Women, Property, and Confucian Reaction in Sung and Yeuan China (960-1368)


This book argues that the Mongol invasion of China in the thirteenth century precipitated a lasting transformation of marriage and property laws that deprived women of their property rights and reduced their legal and economic autonomy. It describes how indigenous social change combined with foreign invasion and cultural confrontation to bring laws more into line with the goals of the radical Confucian philosophers, who wished to curtail women's financial and personal autonomy. This book provides a reevaluation of the Mongol invasion and its influence on Chinese law and society, and presents a new look at the changing position of women in premodern China.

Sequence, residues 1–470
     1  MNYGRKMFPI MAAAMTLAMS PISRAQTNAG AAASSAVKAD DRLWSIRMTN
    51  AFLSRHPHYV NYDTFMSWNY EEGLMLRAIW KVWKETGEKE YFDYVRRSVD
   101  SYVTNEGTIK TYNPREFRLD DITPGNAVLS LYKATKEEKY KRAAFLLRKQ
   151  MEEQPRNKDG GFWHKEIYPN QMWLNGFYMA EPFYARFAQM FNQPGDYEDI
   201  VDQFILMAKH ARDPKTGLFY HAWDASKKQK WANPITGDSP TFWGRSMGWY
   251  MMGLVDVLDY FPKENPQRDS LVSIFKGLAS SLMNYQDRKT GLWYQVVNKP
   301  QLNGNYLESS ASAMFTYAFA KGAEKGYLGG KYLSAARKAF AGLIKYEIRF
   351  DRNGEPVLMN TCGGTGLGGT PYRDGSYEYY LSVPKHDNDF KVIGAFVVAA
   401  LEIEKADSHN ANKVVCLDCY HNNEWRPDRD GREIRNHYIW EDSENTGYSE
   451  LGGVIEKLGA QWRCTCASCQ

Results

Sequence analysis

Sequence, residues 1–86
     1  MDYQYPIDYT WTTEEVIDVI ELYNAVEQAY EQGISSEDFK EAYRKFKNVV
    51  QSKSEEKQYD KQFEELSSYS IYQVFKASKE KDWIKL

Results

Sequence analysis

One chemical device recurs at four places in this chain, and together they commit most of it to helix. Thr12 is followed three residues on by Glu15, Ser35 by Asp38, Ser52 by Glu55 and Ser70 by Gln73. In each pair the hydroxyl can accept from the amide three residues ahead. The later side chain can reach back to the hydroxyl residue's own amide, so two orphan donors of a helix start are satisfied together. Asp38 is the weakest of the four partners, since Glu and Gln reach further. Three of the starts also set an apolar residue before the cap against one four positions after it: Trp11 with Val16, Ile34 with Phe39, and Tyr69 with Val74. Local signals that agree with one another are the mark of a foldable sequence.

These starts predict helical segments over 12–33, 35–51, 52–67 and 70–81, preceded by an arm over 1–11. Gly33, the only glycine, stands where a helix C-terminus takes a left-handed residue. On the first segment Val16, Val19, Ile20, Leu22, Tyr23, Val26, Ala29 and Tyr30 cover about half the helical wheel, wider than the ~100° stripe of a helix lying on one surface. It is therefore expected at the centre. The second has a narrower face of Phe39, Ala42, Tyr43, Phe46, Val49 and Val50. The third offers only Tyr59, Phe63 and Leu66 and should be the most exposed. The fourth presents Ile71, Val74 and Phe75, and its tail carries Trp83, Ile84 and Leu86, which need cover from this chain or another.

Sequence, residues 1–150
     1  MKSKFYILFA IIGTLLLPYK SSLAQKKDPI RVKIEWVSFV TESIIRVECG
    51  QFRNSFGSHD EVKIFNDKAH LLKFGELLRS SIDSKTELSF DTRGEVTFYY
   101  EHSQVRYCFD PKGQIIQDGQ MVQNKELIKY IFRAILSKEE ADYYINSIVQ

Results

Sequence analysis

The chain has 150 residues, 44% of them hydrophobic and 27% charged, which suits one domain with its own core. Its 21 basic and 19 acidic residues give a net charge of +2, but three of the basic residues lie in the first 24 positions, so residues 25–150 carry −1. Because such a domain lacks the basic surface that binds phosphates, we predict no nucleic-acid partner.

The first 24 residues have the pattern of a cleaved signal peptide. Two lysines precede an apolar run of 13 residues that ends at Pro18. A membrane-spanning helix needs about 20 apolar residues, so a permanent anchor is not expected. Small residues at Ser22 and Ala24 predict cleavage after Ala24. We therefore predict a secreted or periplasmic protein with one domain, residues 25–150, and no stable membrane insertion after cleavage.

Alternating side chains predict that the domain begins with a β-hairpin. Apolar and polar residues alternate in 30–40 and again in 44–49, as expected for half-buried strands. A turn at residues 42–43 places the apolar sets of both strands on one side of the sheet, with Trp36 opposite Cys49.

Additional information

Publisher: Place of publication:
  • Cambridge, England
Publication year:
  • 2002


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